The next step is to determine how the survey will be conducted. In most cases, information will be gathered from people who are actually using the trail. However, there may also be an interest in gathering information from adjacent property owners, businesses adjacent to the trail or businesses that provide products and services for trail users (bike shops, bed and breakfasts, motels, restaurants, etc.). The sources from which information is gathered are referred to as the “target group.”

Now that the target group has been defined, the next question is how many targets should be contacted. This is referred to as the “sample size.” The larger the sample, the more accurately the results will reflect the target group. A decision about sample size should be based on such factors as project timeline, budget and necessary degree of precision. Consider 300 completed surveys to be a minimum number for a sample size.

When to conduct the survey will be dependent on the objectives that have been set. Most trail-user surveys are conducted from May to October; this is when many trails see the heaviest usage. However, in southern states, trail usage may be higher in the cooler months and even during the winter. If you are interested in winter activities on the trail, the survey may be conducted over 12 months.

Data Collection

There are a number of different ways that the information can be collected from trail users. The following are brief descriptions of methods that have been successfully used to collect trail-user data.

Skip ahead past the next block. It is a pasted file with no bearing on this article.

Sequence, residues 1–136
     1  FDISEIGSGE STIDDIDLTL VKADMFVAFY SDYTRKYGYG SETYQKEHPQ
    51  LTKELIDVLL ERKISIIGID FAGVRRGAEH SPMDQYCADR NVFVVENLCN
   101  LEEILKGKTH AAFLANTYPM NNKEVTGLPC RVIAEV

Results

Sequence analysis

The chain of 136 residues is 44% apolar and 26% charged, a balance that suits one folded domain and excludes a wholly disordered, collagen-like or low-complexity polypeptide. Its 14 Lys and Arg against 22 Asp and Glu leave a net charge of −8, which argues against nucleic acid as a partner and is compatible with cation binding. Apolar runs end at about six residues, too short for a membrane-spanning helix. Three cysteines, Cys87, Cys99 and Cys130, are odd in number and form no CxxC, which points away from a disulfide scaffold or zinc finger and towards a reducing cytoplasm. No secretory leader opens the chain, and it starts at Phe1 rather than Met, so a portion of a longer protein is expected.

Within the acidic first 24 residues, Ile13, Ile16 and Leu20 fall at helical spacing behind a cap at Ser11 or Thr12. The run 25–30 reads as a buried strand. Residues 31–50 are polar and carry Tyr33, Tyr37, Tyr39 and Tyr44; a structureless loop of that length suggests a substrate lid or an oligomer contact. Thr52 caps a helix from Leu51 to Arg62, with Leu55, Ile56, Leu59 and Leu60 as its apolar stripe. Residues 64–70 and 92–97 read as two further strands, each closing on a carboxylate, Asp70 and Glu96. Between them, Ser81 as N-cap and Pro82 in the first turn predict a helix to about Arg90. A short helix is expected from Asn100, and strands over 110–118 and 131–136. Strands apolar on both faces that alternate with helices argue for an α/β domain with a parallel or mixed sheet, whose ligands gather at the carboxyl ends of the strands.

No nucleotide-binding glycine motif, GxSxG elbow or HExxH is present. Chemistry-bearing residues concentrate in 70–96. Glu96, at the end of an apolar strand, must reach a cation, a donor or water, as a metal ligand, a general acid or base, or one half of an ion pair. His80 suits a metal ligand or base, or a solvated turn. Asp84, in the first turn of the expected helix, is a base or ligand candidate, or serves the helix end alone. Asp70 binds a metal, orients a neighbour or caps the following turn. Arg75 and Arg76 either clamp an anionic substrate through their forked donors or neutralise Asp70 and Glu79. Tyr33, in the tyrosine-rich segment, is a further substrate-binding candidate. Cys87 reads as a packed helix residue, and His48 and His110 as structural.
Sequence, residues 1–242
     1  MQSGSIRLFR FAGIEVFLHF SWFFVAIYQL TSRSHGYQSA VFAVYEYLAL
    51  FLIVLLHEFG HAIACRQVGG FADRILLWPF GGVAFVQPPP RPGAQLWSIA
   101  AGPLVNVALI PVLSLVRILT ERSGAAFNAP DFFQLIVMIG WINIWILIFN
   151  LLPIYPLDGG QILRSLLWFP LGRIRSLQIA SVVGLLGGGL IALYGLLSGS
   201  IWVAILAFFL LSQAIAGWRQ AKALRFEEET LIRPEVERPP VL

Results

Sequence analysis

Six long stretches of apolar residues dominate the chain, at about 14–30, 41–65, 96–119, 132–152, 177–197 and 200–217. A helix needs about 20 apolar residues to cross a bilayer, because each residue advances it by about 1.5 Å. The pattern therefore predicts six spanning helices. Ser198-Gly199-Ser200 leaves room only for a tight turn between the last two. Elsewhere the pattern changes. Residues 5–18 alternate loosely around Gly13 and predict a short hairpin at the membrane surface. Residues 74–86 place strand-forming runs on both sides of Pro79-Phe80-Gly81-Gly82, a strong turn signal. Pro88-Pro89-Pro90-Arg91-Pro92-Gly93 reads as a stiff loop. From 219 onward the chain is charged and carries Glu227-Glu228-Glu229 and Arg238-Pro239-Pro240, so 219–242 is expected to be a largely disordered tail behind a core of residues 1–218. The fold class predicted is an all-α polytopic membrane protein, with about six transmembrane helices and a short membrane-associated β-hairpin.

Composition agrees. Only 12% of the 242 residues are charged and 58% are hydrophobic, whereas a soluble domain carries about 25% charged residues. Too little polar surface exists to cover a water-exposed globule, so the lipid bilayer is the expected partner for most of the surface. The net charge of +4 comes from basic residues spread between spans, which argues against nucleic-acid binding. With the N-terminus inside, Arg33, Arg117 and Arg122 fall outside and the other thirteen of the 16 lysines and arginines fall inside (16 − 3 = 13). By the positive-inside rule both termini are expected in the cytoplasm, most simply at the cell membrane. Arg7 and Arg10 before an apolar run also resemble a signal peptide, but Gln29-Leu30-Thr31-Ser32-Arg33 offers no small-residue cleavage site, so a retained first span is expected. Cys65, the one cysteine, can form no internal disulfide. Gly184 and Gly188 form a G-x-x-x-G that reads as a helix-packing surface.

• Personal intercept:
    This method requires that an interviewer stop trail users and ask a series of questions. This is usually best for short surveys. In one example, the only question was “What is your zip code?” as trail users walked or rode by. This method is labor intensive and usually requires a lot of volunteer hours.
  • Self-selecting - drop box:
    In this method, survey forms are available to be picked up at trailheads and trailside businesses. Completed forms are deposited in a drop box at the trailhead or business. The labor required here is to have someone make sure the supply of survey forms are maintained and that the drop boxes are emptied periodically.
  • Self-selecting - mail-back:
    This is similar to the method described above except that the completed survey forms are mailed back to the trail organization’s address. The mail-back can be either a self-addressed stamped envelope or business reply mail.

Direct mail, email and Web-based survey methods are not recommended for trail-user surveys because they require a previously existing database of trail users, and professional assistance is advised.

Survey Form